Of all transplanted patients, donors were human leukocyte antigen full-matched siblings and the stem cell source was peripheral blood. The transplantation types were RIC and myeloablative conditioning regimens in 102 and 26 patients, respectively. The conditioning regimens were busulfan/fludarabine/anti-thymoglobulin (BU/Flu/ATG) in 63 [BU: 0.8 mg/kg/day i.v., Flu: 50 mg/m2/day i.v., ATG: 5 mg/kg/day i.v.], melphalan/fludarabine (Mel/Flu) and its variants in 23 (Mel: 140 mg/m2/day i.v., Flu: 50 mg/m2/day i.v.), total body irradiation-based (TBI-based) regimens in 16, busulfan/cyclophosphamide (BU/Cy) (BU: 0.8 mg/kg/day i.v., Cy: 50 mg/kg/day) and its variants in 15, and BU/Flu (BU: 0.8 mg/kg/day i.v., Flu: 30 mg/m2 i.v.) and its variants in 11 patients. Cyclosporine A (CsA) (3 mg/kg/day i.v.) and MTX (10 mg/kg/day i.v. on days 1, 3, 5, and 11) were started for GVHD prophylaxis. CsA was started on the day of the transplantation with the target blood level of 200–300 ng/mL and it was started to taper 2 months after transplantation, according to GVHD status of the patient.

The term EM relapse included isolated EM relapse and EM relapse together with BM relapse. The relapse in an EM compartment was detected with imaging techniques such as computerized tomography and/or magnetic resonance imaging, and confirmed histologically by performing biopsy. The CNS relapse was diagnosed with a biopsy and/or in the most case cerebrospinal fluid (CSF) examination, if leukemic cells were identified > 10/ml of CSF. CML relapse to chronic phase was not considered as an event. Hyperleukocytosis was defined as a peripheral white blood cell count > 50 × 109/L in AML, > 30 × 109/L in B lymphoblastic leukemia, and > 100 × 10/L in T lymphoblastic leukemia at the time of diagnosis [9, 10]. The term high-risk cytogenetics was based on the European LeukemiaNet criteria [4, 11].

Primary endpoints of the study were cumulative EM relapse incidence (CEMRI) and cumulative BM relapse incidence (CBMRI). These durations were calculated from the time of transplant to the day of determination of relapse. Overall survival (OS) was calculated from time of transplant to the date of mortality of any reason. The patients who did not die and those who did not relapse at last follow-up were censored, although calculations of cumulative risk incidence, BM relapse, EM relapse, and non-relapse mortality were considered as competing risks. Chi-square (or Fisher’s exact test) and independent-samples t-test were used to compare the categorical and continuous data, respectively. Kaplan–Meier method and log-rank test was used for survival analyses and comparison of survival rates.

In order to identify the risk factors for EM relapses in our cohort, univariate and multivariate analysis were performed among the variables including age, sex, disease type, disease status, EM involvement, hyperleukocytosis at diagnosis, cytogenetic risk, type of transplantation (myeloablative vs. RIC), conditioning regimen that was given, and GVHD status (acute GVHD (aGVHD), chronic GVHD (cGVHD), no GVHD).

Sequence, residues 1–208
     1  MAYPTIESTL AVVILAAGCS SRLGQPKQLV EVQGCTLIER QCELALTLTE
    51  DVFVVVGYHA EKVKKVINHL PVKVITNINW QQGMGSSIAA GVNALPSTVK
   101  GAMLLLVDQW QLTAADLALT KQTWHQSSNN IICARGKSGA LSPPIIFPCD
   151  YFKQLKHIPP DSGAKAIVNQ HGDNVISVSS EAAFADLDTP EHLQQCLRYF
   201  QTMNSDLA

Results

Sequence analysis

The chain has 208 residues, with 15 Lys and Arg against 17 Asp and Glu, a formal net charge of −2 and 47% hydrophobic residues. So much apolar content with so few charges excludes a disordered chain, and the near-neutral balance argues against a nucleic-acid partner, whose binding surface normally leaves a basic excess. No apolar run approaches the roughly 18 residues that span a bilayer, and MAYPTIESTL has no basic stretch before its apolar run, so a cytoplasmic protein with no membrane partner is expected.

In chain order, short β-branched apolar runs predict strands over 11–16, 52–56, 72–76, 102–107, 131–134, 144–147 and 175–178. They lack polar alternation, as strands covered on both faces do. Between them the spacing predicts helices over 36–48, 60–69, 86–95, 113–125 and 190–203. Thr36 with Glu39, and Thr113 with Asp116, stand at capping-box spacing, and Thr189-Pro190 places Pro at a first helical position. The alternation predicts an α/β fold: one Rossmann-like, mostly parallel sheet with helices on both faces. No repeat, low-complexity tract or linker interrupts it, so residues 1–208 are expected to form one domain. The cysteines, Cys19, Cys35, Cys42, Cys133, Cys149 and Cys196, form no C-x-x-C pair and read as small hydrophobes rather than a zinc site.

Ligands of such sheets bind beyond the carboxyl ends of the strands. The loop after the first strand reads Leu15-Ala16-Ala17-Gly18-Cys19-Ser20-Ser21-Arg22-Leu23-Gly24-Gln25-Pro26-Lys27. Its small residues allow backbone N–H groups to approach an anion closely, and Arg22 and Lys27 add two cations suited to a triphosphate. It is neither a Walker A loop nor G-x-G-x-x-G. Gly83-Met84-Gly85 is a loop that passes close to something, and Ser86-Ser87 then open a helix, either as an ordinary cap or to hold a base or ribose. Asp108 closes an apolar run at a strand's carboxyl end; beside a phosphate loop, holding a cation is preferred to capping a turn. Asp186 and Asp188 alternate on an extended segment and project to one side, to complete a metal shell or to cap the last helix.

Univariate comparisons with a P-value < 0.2 were included in multivariate analyses in which statistical significance threshold was accepted as P < 0.05. Cox regression analysis was used to study simultaneous effect of selected variables on EM relapse. CEMRI, CBMRI, and cumulative non-relapse mortality incidence were calculated according to the Gray’s test [12, 13]. Cumulative incidences were calculated by statistical software environment R Version 3.2.2 (The R Foundation for Statistical Computing, Vienna, Austria) [14]. Statistical Packages for the Social Sciences v20.0.0 (SPSS, Inc., Chicago, IL, USA) software was used for other statistical analyses.


Different regimens were given in different disease subtypes. The distribution of the conditioning regimen among the disease subtypes were given in Table 1. Fifty-one of those patients were ALL (45 in the first remission, 3 in the subsequent remissions, 3 active disease), 64 were AML (63 in the first remission, 1 active disease), and 13 were advanced-phase CML (9 blastic phase including 4 with active disease, 5 accelerated phase, 4 other advanced disease). Important descriptive data of the patients are summarized in Table 2.

Table 1 Distribution of the conditioning regimen among the disease subtypes
Table 2 Essential clinical characteristics of the leukemic patients included into the study

Relapse was observed in 52 (40.6%) patients. Seventy-seven of the 128 patients were still surviving (65 without relapse) and 51 died (12 without relapse) at last follow-up. Median follow-up duration of the surviving patients was 51.1 (3.1–133) months.

Types of the relapses were BM in 29, BM and EM in 18, and isolated EM in 5 patients. In the patients with EM relapse, the median time to relapse (10.73 months) was longer than one in the BM relapse (5.8 months). However, this difference was not statistically significant (p: 0.210). In the subgroup of isolated EM relapse, median time to relapse was clearly longer than the others. That was 19.2 months (5.73–22.23) for isolated EM relapse and 6.63 months (0.73–38.37) for EM and BM relapse, and BM relapse only. The involvement sites of EM relapses included the CNS, breast, bone, kidney, testicle, skin, and mediastinum. In all the three subtypes of leukemia, the most common involved site was CNS and four patients had developed EM relapse in more than one site besides the CNS involvement (Table 3).